- the cooling fans; if these seem stuck full on even when your Mac is just idling, then that is suggestive of an SMC problem.
- accessory lights, such as keyboard backlighting, status indicator light, battery indicator lights on non-removable batteries, those around the I/O ports on recent Mac Pros.
- power button; if this is not a mechanical problem (older models), suspect the SMC.
- opening and closing the lid of a notebook.
- sleeping and shutdown; if your Mac sleeps or shuts down when you don’t think it should, suspect the SMC.
- battery charging (laptops), and the MagSafe power adaptor light.
- napping and processor slowing; if your Mac performs very poorly but the CPU is not showing high load, suspect the SMC.
- Target display mode; if this does not work properly, or it switches unexpectedly, suspect the SMC.
- recognition of peripherals connected to a USB-C port; if your MacBook or MacBook Pro doesn’t recognise these, suspect the SMC.
- the Sudden Motion Sensor (SMS), ambient light sensing, and selection of an external video source for some iMacs.
Mac models which include a T2 chip – currently all iMac Pro models, and the 2018 MacBook Pro with a Touch Bar – incorporate SMC functions within that chip. They are discussed below.
How you reset the SMC depends on the Mac, with different routines for laptops with and without a removable battery, and for desktops.
To reset the SMC in a laptop with a non-removable battery (except for MacBook Pro 2018 with Touch Bar):
- shut the Mac down.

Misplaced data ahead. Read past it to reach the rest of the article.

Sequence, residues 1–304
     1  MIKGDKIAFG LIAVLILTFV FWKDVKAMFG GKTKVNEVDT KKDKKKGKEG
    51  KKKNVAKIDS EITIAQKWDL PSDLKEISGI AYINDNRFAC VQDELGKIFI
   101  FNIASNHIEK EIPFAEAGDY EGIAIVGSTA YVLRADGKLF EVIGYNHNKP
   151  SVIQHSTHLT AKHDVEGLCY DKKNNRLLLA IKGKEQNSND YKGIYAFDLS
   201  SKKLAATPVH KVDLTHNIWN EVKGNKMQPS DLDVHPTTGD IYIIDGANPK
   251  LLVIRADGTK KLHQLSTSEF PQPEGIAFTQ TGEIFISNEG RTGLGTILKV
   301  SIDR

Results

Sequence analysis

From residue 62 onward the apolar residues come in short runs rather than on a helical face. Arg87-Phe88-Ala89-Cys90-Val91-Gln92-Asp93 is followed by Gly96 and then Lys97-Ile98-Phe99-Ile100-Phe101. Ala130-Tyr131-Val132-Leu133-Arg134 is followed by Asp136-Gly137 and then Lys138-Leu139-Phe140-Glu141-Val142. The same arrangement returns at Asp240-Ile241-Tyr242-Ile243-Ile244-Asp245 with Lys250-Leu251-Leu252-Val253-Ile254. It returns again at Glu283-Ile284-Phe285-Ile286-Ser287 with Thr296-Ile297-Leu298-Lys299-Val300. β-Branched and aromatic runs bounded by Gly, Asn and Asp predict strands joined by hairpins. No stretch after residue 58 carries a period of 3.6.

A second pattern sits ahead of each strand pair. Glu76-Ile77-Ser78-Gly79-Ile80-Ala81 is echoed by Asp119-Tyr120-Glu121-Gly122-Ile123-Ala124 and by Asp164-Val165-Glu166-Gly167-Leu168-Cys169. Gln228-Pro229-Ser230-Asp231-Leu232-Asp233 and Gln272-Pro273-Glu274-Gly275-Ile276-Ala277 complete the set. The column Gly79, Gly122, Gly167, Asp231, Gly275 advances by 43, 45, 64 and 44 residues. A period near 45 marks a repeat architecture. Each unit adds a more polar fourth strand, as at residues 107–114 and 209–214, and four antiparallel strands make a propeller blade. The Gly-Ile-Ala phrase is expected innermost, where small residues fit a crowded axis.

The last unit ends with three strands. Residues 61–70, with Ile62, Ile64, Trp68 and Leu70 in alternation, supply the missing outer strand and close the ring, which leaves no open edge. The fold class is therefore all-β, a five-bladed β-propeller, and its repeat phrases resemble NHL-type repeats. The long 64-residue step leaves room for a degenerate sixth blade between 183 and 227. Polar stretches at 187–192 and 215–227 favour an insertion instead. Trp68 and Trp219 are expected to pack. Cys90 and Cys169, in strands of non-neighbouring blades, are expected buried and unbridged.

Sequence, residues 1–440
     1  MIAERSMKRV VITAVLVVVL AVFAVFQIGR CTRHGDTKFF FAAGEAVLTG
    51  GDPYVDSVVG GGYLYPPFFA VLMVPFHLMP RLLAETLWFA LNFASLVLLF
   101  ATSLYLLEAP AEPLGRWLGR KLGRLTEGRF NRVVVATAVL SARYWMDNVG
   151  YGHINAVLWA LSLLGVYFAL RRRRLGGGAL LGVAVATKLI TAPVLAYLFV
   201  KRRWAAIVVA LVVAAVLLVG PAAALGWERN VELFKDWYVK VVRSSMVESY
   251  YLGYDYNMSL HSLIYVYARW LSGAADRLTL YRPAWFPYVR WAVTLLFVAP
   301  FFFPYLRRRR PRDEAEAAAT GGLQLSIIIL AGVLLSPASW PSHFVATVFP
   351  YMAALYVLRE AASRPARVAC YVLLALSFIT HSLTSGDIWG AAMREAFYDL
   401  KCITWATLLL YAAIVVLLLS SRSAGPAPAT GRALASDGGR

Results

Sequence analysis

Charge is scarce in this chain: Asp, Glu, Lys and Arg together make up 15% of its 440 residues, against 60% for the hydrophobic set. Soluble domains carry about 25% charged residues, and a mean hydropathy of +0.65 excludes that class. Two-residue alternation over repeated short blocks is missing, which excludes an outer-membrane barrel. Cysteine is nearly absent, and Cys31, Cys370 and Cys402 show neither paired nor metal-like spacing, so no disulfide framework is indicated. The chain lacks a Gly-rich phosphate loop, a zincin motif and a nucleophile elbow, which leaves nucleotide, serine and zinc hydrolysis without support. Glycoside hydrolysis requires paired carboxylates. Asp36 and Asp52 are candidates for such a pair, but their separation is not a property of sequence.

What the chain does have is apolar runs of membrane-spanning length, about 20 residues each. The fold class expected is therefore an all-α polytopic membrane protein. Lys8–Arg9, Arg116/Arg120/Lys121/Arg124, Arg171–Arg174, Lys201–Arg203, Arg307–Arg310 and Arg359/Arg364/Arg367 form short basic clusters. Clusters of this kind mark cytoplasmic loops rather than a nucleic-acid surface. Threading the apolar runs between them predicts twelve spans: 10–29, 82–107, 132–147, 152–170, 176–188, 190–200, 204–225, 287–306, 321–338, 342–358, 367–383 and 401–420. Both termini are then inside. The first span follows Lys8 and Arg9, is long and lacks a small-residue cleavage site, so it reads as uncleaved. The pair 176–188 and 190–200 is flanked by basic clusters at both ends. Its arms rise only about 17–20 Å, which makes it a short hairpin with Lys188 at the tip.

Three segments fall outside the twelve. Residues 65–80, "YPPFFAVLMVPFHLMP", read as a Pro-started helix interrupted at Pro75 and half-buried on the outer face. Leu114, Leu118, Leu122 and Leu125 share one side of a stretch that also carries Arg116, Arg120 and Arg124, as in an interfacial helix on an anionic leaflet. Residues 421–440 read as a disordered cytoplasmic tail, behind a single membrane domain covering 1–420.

- connect its mains adaptor and ensure that power is being supplied to it.
- on the built-in keyboard, hold down Shift-Control-Option on the left side and press the Power button with them held down for 10 seconds.
- release all the keys, wait a few seconds, then power up normally (preferably to reset the NVRAM next).
To reset the SMC in a laptop with a user-removable battery (older models):
- shut the Mac down.
- disconnect any mains adaptor.
- remove the battery.
- press and hold the power button for 5 seconds.
- insert the battery, then connect the mains power adaptor and ensure that power is being supplied to it.
- power up normally (preferably to reset the NVRAM next).
To reset the SMC in a desktop (except for iMac Pro):
- shut the Mac down.
- disconnect all peripherals apart from any Ethernet cable, keyboard, mouse/trackpad, and any display. Then disconnect the mains power cable from the back of the Mac.
- wait for 15 seconds, then reconnect the mains cable.
- if you are going on to further system diagnostics or testing, leave peripherals disconnected. Otherwise you can reconnect the peripherals that you need.
- wait for 5 seconds, then power up normally (preferably to reset the NVRAM next).
Although you do not have to reset the NVRAM straight after resetting the SMC, because of potential overlap between their functions and problems, it is usually wise to do so.